Wynne71 wrote:The idea of getting on a bike and NOT wearing a helmet is beyond my sphere of concept and imagination.
As Winton Professoor of Public Understanding of Risk David Spiegelhalter and science writer, epidemiologist and champion of evidence-based policy Ben Goldacre noted on their editorial on helmets in the BMJ back in 2013, "The enduring popularity of helmets as a proposed major intervention for increased road safety may therefore lie not with their direct benefits—which seem too modest to capture compared with other strategies—but more with the cultural, psychological, and political aspects of popular debate around risk"
So your sphere of concept is a cultural bubble. Step across to another cultural bubble (the obvious example is NL) and hardly anyone sees the need of a helmet for anyone who isn't racing, and even then it's quite possibly more a Looking The Part thing than the need for crash protection. Widespread perceptions are a primary shaper of opinions, and the widespread perception here is you're mad to ride without a helmet because cycling is dangerous. Cut back to my childhood, before cycle helmets existed, and nobody felt it was especially dangerous, though it was actually far more dangerous than it is now. Perception tends to trump reality for many.
Wynne71 wrote:In 1991 I wasn't wearing a helmet, touring down Pembroke Dock high street at a reasonable rate, and was hit by a car pulling out of a parking space. I spent 48 hours unconscious, awoke in the local hospital on the Sunday evening with no idea what had happened. The doctor who treated me stated clearly that had I worn a helmet I would have walked away with some bad abrasions on my shoulder and arm.
And what was the basis for that opinion? Quite possibly the '89 paper that really started the popularity of helmets as a supposed effective intervention, claiming 85% reduction in head injuries and 88% reduction in brain injuries. Those numbers have, in the intervening years, been shown to bear no resemblance to reality and very big problems have been identified with that paper's methodology, but it opened a can of worms and they can't be put back now.
Wynne71 wrote:As a primary school teacher (several years ago) I always supported cycling training and always ensured that kids riding to school wore a helmet. Even on a sponsored ride around our tarmac sports area I made all participants wear a helmet. Possibly something to do with the risk factor of 4-11 year old children riding round under my care (as the HT) may have made me be a touch OCD with the health and safety rules....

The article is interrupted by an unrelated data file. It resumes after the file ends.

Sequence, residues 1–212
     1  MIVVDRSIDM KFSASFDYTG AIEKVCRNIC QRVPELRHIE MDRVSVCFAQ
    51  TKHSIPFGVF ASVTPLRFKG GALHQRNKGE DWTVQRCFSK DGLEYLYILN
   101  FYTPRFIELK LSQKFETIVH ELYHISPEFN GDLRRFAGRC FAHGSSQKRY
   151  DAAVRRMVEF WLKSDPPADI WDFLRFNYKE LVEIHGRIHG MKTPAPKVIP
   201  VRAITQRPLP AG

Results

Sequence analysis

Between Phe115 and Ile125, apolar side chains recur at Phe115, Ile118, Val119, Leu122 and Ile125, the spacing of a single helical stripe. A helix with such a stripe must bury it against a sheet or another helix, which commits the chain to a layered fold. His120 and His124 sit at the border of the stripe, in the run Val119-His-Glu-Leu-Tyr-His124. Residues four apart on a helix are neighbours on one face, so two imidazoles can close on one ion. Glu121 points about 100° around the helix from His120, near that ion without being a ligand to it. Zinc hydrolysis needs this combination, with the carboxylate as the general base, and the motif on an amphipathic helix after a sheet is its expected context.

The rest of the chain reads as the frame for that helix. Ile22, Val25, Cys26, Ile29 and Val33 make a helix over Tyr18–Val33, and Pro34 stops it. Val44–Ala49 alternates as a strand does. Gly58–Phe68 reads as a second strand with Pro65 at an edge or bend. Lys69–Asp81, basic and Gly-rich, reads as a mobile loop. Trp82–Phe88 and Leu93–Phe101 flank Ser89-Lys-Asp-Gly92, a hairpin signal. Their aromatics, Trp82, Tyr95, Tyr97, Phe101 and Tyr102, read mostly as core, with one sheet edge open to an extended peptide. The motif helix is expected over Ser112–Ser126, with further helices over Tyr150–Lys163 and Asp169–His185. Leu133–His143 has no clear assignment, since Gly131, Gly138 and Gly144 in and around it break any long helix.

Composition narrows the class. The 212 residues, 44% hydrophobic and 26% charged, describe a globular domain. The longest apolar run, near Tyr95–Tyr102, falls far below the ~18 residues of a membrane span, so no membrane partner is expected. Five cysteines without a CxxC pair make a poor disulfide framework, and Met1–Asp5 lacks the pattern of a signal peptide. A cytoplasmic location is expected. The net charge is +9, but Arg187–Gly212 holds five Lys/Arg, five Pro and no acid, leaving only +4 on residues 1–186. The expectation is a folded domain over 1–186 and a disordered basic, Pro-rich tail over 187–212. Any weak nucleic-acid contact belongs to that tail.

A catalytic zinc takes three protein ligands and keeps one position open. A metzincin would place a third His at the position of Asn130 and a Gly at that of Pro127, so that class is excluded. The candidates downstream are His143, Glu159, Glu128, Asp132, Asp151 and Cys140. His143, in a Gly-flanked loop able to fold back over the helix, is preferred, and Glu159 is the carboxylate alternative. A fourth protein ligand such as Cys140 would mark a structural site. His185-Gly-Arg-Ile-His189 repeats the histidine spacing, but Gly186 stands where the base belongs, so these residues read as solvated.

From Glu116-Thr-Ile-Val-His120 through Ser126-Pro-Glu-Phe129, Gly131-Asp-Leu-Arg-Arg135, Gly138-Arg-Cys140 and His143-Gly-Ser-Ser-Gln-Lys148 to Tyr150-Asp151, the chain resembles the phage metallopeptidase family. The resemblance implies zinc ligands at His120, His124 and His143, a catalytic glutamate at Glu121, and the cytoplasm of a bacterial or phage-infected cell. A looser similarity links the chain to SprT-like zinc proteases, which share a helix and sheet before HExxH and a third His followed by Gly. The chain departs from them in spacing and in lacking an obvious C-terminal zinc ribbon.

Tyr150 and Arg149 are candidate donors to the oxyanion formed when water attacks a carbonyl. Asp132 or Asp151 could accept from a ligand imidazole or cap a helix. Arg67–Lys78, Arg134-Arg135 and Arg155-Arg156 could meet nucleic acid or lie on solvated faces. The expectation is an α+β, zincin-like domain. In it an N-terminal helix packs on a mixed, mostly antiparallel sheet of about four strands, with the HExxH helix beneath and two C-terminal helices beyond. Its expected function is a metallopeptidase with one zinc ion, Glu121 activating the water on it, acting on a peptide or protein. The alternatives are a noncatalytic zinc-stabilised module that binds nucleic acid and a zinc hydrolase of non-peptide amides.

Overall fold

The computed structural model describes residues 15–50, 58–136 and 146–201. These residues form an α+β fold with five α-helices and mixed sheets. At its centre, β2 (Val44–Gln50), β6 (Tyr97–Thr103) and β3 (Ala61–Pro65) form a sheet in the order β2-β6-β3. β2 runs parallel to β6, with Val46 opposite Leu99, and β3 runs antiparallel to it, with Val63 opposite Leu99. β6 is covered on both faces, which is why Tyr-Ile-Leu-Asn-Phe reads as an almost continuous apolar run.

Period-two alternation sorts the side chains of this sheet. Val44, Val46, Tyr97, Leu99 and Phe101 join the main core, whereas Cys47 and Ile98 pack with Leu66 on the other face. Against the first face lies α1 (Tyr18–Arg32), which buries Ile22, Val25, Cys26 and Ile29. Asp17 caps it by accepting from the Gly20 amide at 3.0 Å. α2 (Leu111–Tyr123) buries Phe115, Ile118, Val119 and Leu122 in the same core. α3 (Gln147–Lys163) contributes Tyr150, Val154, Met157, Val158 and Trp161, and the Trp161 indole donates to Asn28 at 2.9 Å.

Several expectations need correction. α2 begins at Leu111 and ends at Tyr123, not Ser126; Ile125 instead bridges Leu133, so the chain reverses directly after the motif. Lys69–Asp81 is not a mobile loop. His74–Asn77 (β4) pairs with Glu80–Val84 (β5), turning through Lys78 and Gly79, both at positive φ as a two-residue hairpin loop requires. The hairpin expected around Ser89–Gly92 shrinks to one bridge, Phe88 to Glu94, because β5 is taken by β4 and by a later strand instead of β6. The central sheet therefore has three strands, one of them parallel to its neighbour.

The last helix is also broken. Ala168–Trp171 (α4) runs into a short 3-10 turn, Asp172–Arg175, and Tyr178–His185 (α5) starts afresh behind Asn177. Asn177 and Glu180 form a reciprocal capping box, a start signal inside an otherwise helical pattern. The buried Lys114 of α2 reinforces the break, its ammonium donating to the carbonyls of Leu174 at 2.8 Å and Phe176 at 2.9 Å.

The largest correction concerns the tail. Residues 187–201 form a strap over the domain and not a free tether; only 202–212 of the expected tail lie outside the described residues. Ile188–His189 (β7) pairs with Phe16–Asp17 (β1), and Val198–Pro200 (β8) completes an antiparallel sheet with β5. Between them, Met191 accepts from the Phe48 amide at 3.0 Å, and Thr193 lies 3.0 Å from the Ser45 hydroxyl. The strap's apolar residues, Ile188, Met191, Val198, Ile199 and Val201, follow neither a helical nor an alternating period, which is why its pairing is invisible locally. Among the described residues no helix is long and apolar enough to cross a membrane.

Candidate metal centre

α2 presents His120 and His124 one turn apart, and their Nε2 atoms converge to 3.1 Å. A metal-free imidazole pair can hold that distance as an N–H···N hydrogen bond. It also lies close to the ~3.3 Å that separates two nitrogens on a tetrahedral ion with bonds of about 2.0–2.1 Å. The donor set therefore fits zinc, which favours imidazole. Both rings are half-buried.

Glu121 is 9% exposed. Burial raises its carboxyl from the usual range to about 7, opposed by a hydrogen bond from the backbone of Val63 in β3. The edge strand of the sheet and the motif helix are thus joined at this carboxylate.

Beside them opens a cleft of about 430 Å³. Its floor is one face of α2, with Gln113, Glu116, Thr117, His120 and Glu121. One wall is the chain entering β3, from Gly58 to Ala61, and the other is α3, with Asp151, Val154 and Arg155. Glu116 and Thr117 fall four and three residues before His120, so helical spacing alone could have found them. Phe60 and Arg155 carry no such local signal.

Perception and culture again. I'm a cycle trainer. If I'm teaching basic bike handling in the playground all the children wear helmets, because the local authority generic risk assessment for cycling requires them to. This is also easy to rationalise, e.g. the FAQ for Bikeability Scotland looks like this...Do pupils need to wear helmets during the training?
Ultimately, the decision to wear helmets will depend on the delivery organisation’s policies and operating procedures. It is widely recognised that the health benefits of cycling outweigh the risk. However in the majority of cases, the delivery organisation's policies will require trainees to wear helmets during training. Organisations often choose to make this a requirement because trainees may still be developing their control of a bike while learning and consolidating their skills.
That sounds pretty sensible... but let's forget cycling for a moment and take the same approach to the same children playing intersecting games of chase, football, hopscotch etc. in the same place during their lunch break. The children will still be developing their control of themselves and learning and consolidating their skills, but they very often fall over and it's not too unusual to hit their heads. In the primary school where I do the cycling (and where my children attended) they do have a special procedure for head injuries that happen during play time: as well as an "I've been brave!" sticker you also get an "I banged my head!" sticker and a form letter goes home to carers saying they banged their head. So for a similar class of accident hitting the same part of their body at similar energies, if it's a fall from their own feet they get stickers and TLC but if it's from a bike it's essential they wear helmets.
Australian figures from the 80s (before widespread helmet use) had football causing about an order of magnitude more hospital visits per hour of activity than cycling, but it's cycling that has the "need" for helmets. So agan we see it's perception and culture rather than reality that guides standard reactions and procedures.
Wynne71 wrote:Just my personal thoughts and being able to speak from the wrong end of experience I thought this may add something to this thread.
The issue here is you have an anecdote or two, and as Ben Goldacre says, "the plural of anecdote is not data". Anecdotes may
usefully inform personal decisions (though if you have a doctor extrapolating wildly about the supposed benefits of a helmet they may not), but you need data from a bigger population (all
of the anecdotes collated) to underpin policy and general advice.
Often seen riding a bike around Dundee...